9 Formal Ways to Say “Talk to You Then”

If you’ve set up a meeting and know that you’ll talk to someone soon, you may want to include “talk to you then” in an email.

Although, is it really the best phrase to use in formal writing?

Luckily, this article is here to answer that question. We’ll also provide some alternatives to help you keep things interesting.

Is It Formal to Say “Talk to You Then”?

It is formal to say “talk to you then.” It works well in professional emails after you’ve arranged to meet with someone.

Generally, you’ll use it after setting up a meeting with a client or a group of employees. It shows that you plan to talk to them again once the meeting takes place.

Here’s an example to show you how it works:

I’m glad we could sort this meeting time out.

Talk to you then,
Mr. Bridges


  • It’s polite and works as an email closer.
  • It’s a great way to say farewell after setting up a meeting.


  • It’s fairly generic.
  • It doesn’t make you sound particularly excited about the meeting.

“Talk to you then” is certainly a good option for an email closer. However, it’s not the only one. It’s worth having a few ready to go to keep things interesting for your recipients.

Keep reading to see how to say “talk to you then” professionally. You can also refer to our business email examples under each section to learn more about each synonym.

What to Say Instead of “Talk to You Then”

  • See you then
  • See you at the meeting
  • Talk more at the meeting
  • We’ll talk again at the meeting
  • We’ll discuss this more
  • I will see you soon
  • I look forward to talking to you then
  • Looking forward to talking more about this
  • I look forward to the meeting

1. See You Then

Another way to say “talk to you then” is “see you then.” It’s a useful synonym for most professional emails because it shows that you’ll see someone at a specified time.

For instance, let’s assume you’ve set up a meeting with someone.

You can close an email with “see you then” to show that you’re excited about the meeting plans.

“Then” refers to the time the meeting is set for. So, it works well when emailing employees if you’re looking to meet with them to discuss something soon.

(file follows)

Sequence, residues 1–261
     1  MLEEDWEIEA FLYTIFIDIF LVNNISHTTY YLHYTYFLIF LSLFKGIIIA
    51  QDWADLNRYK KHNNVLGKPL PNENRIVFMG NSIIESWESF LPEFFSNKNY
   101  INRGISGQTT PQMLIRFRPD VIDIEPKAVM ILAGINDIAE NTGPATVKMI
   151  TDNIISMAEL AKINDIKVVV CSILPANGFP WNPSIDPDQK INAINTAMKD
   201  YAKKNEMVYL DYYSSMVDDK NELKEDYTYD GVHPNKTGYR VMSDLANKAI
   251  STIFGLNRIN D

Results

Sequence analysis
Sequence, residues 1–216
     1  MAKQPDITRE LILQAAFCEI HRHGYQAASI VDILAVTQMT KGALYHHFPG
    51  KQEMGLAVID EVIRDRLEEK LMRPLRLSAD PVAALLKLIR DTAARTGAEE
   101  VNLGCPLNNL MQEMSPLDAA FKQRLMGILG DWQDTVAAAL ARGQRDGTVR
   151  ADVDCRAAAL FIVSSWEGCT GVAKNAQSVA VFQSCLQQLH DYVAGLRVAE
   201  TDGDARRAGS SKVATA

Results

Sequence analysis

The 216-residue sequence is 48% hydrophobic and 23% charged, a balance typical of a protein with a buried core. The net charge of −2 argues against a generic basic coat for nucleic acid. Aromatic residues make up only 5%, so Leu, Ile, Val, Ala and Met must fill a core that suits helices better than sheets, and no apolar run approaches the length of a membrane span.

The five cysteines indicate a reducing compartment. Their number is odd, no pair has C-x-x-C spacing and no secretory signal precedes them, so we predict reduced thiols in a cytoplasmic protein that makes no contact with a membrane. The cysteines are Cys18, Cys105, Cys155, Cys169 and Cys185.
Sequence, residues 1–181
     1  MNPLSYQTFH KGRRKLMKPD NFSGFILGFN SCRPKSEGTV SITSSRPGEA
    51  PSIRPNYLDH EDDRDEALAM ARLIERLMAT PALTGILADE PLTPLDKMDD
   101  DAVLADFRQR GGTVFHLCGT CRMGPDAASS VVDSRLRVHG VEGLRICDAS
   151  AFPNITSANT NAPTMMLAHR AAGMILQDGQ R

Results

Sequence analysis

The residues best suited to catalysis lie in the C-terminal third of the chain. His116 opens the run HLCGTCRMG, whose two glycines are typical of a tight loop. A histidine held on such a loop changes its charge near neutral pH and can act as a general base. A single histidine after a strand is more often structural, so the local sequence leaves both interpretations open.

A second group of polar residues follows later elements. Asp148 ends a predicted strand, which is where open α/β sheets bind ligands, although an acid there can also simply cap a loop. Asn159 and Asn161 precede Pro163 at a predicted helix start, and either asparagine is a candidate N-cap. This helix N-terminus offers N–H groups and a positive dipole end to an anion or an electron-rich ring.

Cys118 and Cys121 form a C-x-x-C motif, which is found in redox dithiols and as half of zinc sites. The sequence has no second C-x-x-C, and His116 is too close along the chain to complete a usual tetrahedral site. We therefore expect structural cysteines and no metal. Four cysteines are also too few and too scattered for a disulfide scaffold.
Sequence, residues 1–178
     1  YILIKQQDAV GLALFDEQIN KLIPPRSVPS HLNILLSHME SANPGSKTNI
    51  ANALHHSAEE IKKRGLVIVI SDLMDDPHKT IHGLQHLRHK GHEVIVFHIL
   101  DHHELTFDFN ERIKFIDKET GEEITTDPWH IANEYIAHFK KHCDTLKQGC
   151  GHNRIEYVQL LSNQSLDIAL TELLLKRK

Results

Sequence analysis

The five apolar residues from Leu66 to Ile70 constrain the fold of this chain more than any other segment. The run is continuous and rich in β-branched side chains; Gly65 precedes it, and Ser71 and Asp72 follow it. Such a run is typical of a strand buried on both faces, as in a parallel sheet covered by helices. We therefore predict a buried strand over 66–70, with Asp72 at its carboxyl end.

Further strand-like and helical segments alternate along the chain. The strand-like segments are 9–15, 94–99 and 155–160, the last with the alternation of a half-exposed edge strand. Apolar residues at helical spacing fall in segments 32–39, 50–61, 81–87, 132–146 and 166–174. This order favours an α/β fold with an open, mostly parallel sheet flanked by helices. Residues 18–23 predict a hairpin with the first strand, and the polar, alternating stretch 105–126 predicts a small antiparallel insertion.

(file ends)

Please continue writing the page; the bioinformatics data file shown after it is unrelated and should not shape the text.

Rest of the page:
Perhaps this email example will also help you:

Dear Martha,

Thank you so much for getting this sorted out for us. We look forward to hearing what you have to say.

See you then,
Ben Crickett

2. See You at the Meeting

You can write “see you at the meeting” instead of “talk to you then” to keep things interesting. It only works when you’ve already set a meeting date.

However, if you’ve confirmed a meeting, this phrase is a great way to close an email. We highly recommend using it when emailing clients.

It shows you’re confident that the meeting will go well. It’s also useful to imply that you’re happy to meet with someone and hear what they have to say.

Check out this email sample to see how it works:

Dear Mrs. Blackman,

I appreciate everything you’ve shown us so far. I expect big things from you during the presentation.

See you at the meeting,
Kyle Weiss

3. Talk More at the Meeting

Another way to say “talk to you then” is “talk more at the meeting.” It’s a great alternative to “talk to you then” because it shows you have planned a meeting and know what to expect from it.

If you say “talk more,” it implies you know what you’ll say at the meeting. This is great to use when you already have a topic of discussion that you want to share with somebody.

Why not review the following example as well:

Dear Hazel,

Thank you so much for this information. It will be good to hear more of your ideas.

Talk more at the meeting,
Dan Evans

4. We’ll Talk Again at the Meeting

You may also write “we’ll talk again at the meeting” once you’ve planned a date and time.

It shows you’re keen to hear from someone during a meeting without sounding overly excited.